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The Eyes of the Hurricane 

She's been called the female Manny Pacquiao. But can Ana Julaton make people care about women's boxing?

Wednesday, Mar 10 2010

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Reyes disagrees — just look at the popularity of mixed martial arts, in which women wrestle and punch each other to the ground, regularly aired on Showtime Sports. And that's a young sport compared to boxing, he says: "Ana would be happy to show how easy it is to beat" any female mixed martial arts competitor.

Industry insiders say some boxing promoters believe the only women who belong in the ring wear bikinis and hold a round card. "They don't want girls that act very — the best word is 'dykey,' and I'm not saying that in a derogatory manner," says Butch Gottlieb, a World Boxing Federation commissioner who manages several women boxers. "They want girls who look like girls who can fight."

In such a milieu, it's no surprise that some have used their sexuality to get ahead. The sport's resident sex kitten, Mia St. John, is probably less known for her 45 professional wins than for posing for Playboy, holding her boxing gloves over her breasts. Julaton draws the line at that (though she says posing in a bikini for Sports Illustrated "would be instrumental in promoting women's sports"), but it's no coincidence that the woman who prefers sweats for everyday wear shows up for press appearances in heels and lipstick.

"For the longest time, female boxers had the image of being too tough or too masculine," she says. "Now a lot of the female boxers have longer hair and will wear the swimsuits" to weigh-ins. "I think that's something that can interest the public."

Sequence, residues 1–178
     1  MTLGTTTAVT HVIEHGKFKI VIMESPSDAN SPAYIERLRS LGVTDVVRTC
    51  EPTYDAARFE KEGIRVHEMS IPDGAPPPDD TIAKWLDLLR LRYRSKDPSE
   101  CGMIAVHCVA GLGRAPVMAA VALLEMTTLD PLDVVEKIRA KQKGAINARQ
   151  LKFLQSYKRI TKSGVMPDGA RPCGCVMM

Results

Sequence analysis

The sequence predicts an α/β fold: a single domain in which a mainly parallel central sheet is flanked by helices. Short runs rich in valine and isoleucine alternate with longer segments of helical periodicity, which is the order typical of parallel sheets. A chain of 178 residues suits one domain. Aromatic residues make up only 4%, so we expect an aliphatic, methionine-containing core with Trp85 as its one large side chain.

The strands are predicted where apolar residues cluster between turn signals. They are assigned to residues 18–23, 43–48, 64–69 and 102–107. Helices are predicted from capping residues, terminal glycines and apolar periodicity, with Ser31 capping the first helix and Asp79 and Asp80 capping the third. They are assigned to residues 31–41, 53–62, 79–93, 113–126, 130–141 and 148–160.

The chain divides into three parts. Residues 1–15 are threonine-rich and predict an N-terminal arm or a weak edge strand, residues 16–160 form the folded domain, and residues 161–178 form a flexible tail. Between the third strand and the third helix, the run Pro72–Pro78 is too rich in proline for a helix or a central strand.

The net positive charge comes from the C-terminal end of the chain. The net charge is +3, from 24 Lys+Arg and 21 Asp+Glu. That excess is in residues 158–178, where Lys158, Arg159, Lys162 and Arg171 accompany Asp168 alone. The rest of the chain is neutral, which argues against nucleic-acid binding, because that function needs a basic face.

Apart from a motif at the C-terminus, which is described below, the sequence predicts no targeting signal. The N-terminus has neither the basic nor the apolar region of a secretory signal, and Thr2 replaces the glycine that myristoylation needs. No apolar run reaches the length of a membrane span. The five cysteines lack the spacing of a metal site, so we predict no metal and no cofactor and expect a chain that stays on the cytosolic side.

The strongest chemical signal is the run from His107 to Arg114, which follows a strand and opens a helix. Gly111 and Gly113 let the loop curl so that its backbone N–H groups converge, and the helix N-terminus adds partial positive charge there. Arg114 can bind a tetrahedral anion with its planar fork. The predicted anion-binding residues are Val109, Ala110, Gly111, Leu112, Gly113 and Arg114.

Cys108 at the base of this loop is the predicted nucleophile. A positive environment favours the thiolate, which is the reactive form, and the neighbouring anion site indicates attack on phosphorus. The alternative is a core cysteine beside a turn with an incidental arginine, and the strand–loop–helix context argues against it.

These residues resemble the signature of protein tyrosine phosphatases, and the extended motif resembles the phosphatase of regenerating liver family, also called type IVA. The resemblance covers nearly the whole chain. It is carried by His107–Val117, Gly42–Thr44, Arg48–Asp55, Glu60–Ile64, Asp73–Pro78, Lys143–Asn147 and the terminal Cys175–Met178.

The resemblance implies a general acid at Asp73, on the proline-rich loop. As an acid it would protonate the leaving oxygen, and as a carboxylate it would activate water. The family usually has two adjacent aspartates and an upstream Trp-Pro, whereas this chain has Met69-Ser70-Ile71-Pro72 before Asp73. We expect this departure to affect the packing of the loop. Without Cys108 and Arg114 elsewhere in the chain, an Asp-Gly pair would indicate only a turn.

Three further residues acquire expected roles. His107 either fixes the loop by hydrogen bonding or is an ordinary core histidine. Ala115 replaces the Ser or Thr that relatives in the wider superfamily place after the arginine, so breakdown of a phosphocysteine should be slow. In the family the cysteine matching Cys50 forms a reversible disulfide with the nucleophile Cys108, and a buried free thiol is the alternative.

The men in the industry have certainly taken notice. "Ana is really good-looking," says Ryan Wissow, the president of the Women's International Boxing Association (WIBA). "I have a thing for Asian girls." Yet Julaton sees herself more in the vein of De La Hoya, a great fighter who just happens to be attractive.

The formula seems to be working. Julaton is starting to rack up the trappings of a bona fide pro: her own personal rap song for her ring entrance, featuring the lyrics "She the total package, far from ordinary/Step in the ring, get sent to the mortuary"; an emblem, created by a Filipino-American clothing brand and emblazoned on all her gear; billboards in the Bayview and Potrero Hill; a contract with a Philippine TV network to air her matches; and a constant stream of free protein bars and sports drinks from wannabe sponsors arriving at the gym. While the deals may not be accompanied by the mainstream name recognition for male boxers who've won two world titles, Julaton counts them as a victory against the boxing establishment. "None of this was supposed to happen," she says.

Arriving for the ESPN shoot, Julaton's parents plunked down on a couch to watch their daughter shadowbox for the cameras, all intensity and focus and "Zsst!" sound effects as if her jabs were delivered by the tail of a stingray.